Students in textbook challenge to digital public relations learning

Students in textbook challenge to digital public relations learning

solent.jpg
solent

An undergraduate project aims to tackle the shortfall in digital public relations learning and development content.

Undergraduate public relations students at Southampton Solent University are calling on practitioners to contribute to a text book on digital public relations.

The team is frustrated with the lack of books on the topic. Therein lies an irony. The publishing cycle of a book means that the content is typically out of date before it is published.

The UK Government’s Digital Skills Crisis Report (opens as a PDF) published in June claims that a shortfall in digital education and training is costing the UK economy an estimated £63 billion annually in lost gross domestic product.

Modernising learning and development

The Engagement network at my own firm Ketchum tracks significant changes impacting digital public relations practice via a Workplace community. The market moves incredibly quickly. Each week Ketchum practitioners from around the world report five to ten changes.

In the last week we’ve discussed the performance of GIFs in messaging; Google’s shift to mobile first search; updates to Instagram Stories; SnapChat analytics; Twitter’s content filtering solution; insight on digital purchase journeys; and private branded communities on WhatsApp.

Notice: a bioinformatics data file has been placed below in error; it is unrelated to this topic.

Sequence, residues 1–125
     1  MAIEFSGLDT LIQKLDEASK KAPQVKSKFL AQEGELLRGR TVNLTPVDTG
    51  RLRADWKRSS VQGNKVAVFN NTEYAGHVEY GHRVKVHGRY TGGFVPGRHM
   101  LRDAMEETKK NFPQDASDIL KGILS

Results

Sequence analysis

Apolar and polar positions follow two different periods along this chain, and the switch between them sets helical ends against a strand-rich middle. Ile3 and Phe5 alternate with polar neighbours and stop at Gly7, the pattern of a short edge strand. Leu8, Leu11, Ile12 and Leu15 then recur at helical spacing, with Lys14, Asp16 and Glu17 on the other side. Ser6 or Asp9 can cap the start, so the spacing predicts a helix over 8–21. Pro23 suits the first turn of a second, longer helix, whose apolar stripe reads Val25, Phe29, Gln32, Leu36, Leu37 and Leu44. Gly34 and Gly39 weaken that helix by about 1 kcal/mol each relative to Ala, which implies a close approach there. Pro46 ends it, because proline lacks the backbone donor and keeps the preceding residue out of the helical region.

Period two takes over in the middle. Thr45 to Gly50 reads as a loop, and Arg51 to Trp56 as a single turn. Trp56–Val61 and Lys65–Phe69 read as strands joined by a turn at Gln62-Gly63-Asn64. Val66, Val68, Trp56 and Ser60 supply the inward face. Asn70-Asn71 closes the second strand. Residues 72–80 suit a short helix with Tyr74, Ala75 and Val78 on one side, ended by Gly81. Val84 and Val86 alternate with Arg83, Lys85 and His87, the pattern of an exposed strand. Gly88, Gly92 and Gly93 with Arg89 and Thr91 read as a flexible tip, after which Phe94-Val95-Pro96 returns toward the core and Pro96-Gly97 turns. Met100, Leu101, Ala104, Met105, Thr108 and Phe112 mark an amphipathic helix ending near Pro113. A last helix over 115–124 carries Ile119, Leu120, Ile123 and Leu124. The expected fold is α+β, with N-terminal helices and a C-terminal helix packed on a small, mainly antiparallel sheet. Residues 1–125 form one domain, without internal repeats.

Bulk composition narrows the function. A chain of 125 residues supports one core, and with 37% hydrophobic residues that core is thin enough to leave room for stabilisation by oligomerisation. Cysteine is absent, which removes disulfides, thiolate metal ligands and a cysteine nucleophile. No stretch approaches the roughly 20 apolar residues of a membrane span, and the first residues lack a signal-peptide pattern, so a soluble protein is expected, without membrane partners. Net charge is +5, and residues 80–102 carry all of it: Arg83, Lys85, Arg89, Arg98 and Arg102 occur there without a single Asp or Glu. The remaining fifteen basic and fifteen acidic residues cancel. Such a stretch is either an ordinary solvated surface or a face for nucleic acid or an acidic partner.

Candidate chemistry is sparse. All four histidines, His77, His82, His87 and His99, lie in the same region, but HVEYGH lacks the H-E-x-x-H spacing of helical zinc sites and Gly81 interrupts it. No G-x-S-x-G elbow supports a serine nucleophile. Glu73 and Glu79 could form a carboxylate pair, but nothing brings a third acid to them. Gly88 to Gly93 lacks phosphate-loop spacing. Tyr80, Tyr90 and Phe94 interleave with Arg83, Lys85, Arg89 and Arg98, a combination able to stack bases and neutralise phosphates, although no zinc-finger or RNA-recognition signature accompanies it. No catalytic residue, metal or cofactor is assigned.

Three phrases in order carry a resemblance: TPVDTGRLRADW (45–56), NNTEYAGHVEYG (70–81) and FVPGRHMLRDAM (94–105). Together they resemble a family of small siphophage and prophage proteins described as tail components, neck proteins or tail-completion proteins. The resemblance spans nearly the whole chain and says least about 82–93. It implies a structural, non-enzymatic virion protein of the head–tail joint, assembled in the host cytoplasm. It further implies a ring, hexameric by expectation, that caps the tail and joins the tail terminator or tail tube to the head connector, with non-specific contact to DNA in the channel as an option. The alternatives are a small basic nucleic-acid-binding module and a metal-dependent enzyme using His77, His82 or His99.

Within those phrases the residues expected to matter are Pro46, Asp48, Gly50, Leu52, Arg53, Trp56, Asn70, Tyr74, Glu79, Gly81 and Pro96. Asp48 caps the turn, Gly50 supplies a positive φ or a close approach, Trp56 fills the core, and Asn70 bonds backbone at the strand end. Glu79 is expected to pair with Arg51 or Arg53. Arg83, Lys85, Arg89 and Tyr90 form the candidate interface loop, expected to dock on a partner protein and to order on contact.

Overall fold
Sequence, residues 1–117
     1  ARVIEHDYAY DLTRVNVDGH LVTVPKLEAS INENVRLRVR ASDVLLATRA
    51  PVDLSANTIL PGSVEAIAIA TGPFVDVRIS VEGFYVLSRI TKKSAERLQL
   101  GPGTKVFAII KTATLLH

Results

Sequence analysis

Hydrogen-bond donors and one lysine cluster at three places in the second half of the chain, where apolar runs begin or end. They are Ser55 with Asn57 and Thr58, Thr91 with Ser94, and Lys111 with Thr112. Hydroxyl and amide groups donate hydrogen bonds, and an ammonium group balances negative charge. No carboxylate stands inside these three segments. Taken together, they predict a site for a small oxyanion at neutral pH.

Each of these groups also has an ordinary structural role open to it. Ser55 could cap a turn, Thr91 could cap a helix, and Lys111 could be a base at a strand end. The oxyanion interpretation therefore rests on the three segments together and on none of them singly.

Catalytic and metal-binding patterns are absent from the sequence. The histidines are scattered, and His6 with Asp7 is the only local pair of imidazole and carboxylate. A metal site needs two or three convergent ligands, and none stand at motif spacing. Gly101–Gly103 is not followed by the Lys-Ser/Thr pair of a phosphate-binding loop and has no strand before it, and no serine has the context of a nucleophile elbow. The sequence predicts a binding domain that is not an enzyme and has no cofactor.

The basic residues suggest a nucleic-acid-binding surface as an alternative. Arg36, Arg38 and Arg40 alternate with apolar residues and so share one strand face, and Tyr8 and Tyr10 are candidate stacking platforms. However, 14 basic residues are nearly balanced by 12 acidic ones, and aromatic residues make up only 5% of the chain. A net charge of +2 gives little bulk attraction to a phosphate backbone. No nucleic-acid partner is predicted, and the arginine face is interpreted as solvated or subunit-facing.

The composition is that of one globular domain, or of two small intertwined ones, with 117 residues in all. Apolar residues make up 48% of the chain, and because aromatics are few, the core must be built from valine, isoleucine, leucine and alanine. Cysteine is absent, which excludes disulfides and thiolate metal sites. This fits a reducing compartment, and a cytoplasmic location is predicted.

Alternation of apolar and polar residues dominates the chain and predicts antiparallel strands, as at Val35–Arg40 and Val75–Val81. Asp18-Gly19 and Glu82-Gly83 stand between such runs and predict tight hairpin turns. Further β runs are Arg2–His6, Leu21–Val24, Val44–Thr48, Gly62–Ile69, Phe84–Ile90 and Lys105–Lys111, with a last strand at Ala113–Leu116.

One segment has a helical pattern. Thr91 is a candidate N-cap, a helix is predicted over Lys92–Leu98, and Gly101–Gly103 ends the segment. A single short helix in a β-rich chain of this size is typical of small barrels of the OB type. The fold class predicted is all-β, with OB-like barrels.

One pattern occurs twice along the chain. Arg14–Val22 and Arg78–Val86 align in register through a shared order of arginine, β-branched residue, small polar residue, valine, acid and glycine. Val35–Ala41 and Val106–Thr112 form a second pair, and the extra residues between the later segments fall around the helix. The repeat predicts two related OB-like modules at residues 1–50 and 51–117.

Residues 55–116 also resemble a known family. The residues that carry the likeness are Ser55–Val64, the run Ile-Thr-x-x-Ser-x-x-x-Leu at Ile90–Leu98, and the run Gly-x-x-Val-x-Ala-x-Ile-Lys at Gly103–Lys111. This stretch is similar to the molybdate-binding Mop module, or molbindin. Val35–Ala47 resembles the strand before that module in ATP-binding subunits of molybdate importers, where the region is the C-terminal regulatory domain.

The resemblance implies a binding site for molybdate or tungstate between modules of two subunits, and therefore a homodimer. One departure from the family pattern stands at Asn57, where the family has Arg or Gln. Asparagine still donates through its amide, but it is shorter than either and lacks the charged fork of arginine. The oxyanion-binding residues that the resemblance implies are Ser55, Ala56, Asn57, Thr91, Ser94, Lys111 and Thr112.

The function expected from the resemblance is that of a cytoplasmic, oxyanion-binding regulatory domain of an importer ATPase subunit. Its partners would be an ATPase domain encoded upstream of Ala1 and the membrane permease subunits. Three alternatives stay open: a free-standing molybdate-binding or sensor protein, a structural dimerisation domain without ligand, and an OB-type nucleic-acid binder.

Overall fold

Books suit theory, analysis and case studies, but blogs; communities such as my own Engagement network and #FuturePRoof; and video are a better solution for modern learning and development.

The Southampton Solent project, aimed at students and practitioners, will be published electronically and print on demand via a platform such as Blurb or Lulu.

In itself it’s a fantastic example of a digital public relations project. The process is as much about learning and development as the completed output.

The students will need to build a community, create guidelines, build workflow, oversee editorial quality, publication and promotion.

Call for content

The team is seeking submissions around 1,500 words, on a range of topics, including strategy, how to write for digital public relations, and search engine optimisation (SEO). If you’d like to contribute to the project visit the Digital Public Relations Book website and submit a pitch.

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